challenge to the post-Cold War balance of power.
Another country seeking multipolarityis France, which asserted its independence from the US by refusing to endorse the Bush administration’s
plans to invade Iraq.
Both see American hegemony as a grave threat to world order, challenging the possibility of both peace and justice.
But China is a rising power, while France by itself is not.
China’s desire for multipolarity is hence motivated to a greater degree by its perception of American dominance as a threat to its own regional power ambitions. And while China’s is largely a national quest for multipolarityFrance’s is framed within a “Euro-nationalism”- calls the EU to become an actor in the world stage to counterbalance the United States.”
Seven Great Powers
Global Great Depression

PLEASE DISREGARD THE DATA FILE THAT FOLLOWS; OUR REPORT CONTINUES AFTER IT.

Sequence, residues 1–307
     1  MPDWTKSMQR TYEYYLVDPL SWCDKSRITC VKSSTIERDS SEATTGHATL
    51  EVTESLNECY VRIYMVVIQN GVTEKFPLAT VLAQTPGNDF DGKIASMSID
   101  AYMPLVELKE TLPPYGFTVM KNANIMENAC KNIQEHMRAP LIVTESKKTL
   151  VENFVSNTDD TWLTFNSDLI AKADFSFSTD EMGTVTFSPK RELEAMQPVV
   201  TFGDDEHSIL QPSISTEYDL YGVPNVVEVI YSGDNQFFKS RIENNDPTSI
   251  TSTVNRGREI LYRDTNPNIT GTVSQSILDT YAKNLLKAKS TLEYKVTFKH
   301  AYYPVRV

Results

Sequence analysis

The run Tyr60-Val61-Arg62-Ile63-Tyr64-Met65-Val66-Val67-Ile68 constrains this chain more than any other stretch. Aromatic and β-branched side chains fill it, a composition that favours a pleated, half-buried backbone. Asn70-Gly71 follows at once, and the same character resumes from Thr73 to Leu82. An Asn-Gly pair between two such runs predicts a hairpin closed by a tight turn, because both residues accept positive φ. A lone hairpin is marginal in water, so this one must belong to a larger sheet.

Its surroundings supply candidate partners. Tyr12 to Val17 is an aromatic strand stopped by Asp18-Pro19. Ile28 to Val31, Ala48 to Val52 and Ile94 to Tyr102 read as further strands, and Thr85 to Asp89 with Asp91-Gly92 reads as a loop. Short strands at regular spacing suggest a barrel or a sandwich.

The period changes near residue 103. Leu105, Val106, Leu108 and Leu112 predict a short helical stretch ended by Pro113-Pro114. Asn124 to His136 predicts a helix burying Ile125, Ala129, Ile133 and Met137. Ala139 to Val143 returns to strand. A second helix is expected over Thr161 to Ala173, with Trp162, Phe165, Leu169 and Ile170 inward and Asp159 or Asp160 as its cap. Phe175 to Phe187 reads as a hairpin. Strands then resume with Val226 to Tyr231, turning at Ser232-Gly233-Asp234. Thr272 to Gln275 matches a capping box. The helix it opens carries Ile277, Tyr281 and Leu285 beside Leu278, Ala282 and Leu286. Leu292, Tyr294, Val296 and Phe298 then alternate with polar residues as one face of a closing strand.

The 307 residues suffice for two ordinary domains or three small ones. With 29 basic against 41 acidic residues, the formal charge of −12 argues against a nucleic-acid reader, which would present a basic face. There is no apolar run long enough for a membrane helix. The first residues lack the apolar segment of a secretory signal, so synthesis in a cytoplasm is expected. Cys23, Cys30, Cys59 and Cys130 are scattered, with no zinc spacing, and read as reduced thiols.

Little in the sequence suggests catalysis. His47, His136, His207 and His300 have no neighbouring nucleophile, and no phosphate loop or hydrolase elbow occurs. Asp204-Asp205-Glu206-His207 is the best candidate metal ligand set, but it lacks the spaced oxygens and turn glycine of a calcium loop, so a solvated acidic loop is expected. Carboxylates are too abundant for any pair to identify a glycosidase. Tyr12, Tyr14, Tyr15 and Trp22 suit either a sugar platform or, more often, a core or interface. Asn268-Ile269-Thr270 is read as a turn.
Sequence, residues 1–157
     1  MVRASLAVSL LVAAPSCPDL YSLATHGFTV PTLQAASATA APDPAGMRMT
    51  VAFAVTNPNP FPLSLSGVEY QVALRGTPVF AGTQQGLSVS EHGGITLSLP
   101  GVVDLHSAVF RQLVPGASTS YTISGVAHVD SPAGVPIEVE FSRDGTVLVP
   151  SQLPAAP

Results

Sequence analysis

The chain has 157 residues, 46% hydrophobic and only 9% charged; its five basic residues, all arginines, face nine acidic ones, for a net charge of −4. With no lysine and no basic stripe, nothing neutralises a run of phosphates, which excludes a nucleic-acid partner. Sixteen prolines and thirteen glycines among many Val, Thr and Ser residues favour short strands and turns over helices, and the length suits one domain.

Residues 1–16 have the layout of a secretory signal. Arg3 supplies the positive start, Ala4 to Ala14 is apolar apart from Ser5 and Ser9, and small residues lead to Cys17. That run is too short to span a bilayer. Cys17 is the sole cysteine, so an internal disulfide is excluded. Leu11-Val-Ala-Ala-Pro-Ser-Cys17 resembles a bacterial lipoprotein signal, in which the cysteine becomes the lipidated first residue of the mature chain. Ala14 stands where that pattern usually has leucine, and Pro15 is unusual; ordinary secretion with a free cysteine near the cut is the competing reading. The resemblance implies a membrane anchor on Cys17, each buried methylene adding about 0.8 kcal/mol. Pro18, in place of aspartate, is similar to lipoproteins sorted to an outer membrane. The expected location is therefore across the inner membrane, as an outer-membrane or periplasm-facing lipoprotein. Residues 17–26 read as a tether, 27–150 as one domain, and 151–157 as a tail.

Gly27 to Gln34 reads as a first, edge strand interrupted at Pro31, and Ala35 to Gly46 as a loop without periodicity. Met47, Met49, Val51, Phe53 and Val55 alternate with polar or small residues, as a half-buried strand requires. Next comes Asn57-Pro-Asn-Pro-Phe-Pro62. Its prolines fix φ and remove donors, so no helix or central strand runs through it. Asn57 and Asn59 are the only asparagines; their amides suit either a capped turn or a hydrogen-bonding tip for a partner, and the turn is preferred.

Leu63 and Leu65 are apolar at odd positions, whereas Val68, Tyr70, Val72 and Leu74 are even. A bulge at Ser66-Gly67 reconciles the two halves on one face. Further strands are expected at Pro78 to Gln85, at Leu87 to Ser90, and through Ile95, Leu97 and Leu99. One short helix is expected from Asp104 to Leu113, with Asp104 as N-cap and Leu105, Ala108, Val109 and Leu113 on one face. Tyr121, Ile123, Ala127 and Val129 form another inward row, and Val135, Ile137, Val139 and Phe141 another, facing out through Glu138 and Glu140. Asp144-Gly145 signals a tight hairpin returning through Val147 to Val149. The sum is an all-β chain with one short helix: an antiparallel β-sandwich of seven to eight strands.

Democracies deeply fearful of war and fail to maintain balance of power
No consensus on international system and No moral-intellectual consensus
International law and League weak ‘
Universal pursuit of ‘national interests
Germany, Italy and Japan reckless
No monolithic Berlin-Rome-Tokyo Axis, but great threat to democracies, USSR and China
Military developments not major barrier to war
Two Superpowers, three Great Powers
Western, Communist, Third World economic ills
Democracies refuse to “think about the unthinkable”
No consensus on international system and No moral-intellectual consensus
International law and U.N. weak
Universal pursuit of national interests
Russia and China both cautious
No monolithic Communist bloc, indeed deep and bitter Moscow-Peking rift
Nuclear weapons major deterrent to total war, but may not maintain balance of power